HELENA — Montana public health leaders say they’re closely watching the growing number of COVID-19 cases linked to variants of the virus, but it isn’t changing their recommendations for the public.
The Montana Department of Public Health and Human Services (DPHHS) released an updated report July 7, outlining 646 COVID-19 cases that have been linked to specific “variants of interest” or “variants of concern.”
Those are strains believed to be transmitted more easily from person to person or more likely to lead to severe symptoms.
Magdalena Scott, supervisor of DPHHS’ Communicable Disease Epidemiology Section, says they began having COVID samples analyzed for variants about three months ago, working with partners like the CDC, the University of Montana and Montana State University. She says the most notable variants have been identified in multiple locations across Montana.
“We have a feeling that it’s circulating across the state,” Scott said.
A total of 457 cases – nearly three-quarters of the 646 identified in the report – have come from a single variant, known as B.1.1.7, or the “alpha” or “UK” variant. It has been linked to 32 hospitalizations and three deaths in Montana.
The alpha variant was the first main variant of concern identified in the state, and by far the most common nationwide until the last few weeks. Now, though, many states are reporting large surges in the “delta” variant. To date, Montana has only seen 33 confirmed cases of that variant, but Scott said the number has grown noticeably recently.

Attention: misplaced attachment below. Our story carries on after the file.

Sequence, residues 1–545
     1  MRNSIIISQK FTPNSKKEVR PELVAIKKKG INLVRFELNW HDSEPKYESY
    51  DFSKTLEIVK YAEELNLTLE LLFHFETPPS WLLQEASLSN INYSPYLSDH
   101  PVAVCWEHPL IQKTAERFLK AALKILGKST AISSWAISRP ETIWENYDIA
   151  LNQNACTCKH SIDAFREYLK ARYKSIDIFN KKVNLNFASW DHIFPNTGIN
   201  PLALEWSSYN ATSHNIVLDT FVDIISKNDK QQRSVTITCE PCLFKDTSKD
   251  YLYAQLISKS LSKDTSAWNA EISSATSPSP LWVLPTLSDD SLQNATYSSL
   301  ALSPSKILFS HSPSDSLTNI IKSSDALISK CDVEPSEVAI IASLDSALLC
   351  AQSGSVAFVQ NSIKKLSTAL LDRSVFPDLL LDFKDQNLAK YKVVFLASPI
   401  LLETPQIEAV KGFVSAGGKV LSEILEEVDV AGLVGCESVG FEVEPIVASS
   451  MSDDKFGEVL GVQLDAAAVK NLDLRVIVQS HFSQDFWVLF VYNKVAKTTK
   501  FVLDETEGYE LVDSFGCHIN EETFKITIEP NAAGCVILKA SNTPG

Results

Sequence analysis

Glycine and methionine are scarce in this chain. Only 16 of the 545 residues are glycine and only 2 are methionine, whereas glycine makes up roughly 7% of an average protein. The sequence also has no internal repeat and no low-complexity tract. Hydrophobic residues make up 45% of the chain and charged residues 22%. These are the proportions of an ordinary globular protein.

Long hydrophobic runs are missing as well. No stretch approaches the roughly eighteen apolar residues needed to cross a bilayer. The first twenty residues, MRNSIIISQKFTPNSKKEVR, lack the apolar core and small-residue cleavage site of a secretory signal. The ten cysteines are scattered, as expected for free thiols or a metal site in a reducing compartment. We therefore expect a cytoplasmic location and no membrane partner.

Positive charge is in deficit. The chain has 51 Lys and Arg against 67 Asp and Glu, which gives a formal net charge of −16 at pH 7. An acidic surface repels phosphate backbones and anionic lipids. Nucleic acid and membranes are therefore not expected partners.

“We have tended to see that COVID arrived later in Montana, the variants were detected later, so it’s possible that delta is arriving later as well,” she said.
One statistic DPHHS is watching is the hospitalization rate. About 23% of patients identified to have the delta variant have been hospitalized, compared to 8% for the alpha variant. Scott did caution that these are based on small sample sizes, but said they will keep an eye on it.
Flathead County has had the most reported COVID cases tied to variants, with 87. It is followed by Missoula and Yellowstone Counties with 73 each, Cascade County with 68, Gallatin County with 52, Ravalli County with 45 and Lewis and Clark County with 43. Yellowstone County has had by far the most delta variant cases, with 14.
Scott said DPHHS doesn’t handle suspected cases from variants any differently than it does other COVID cases. In particular, they continue to point to the importance of vaccinations, noting that 95% of Montanans hospitalized for COVID from late April to early July had not received a vaccine.
“CDC’s research proves that getting the vaccine will reduce your risk of a more severe outcome, even if you do become ill,” she said.
Scott said DPHHS has saved some COVID test samples from last year. They hope to have some of those sequenced in the future so they can get a better understanding of variant trends over time.
You can find more COVID-19 data on DPHHS’ website.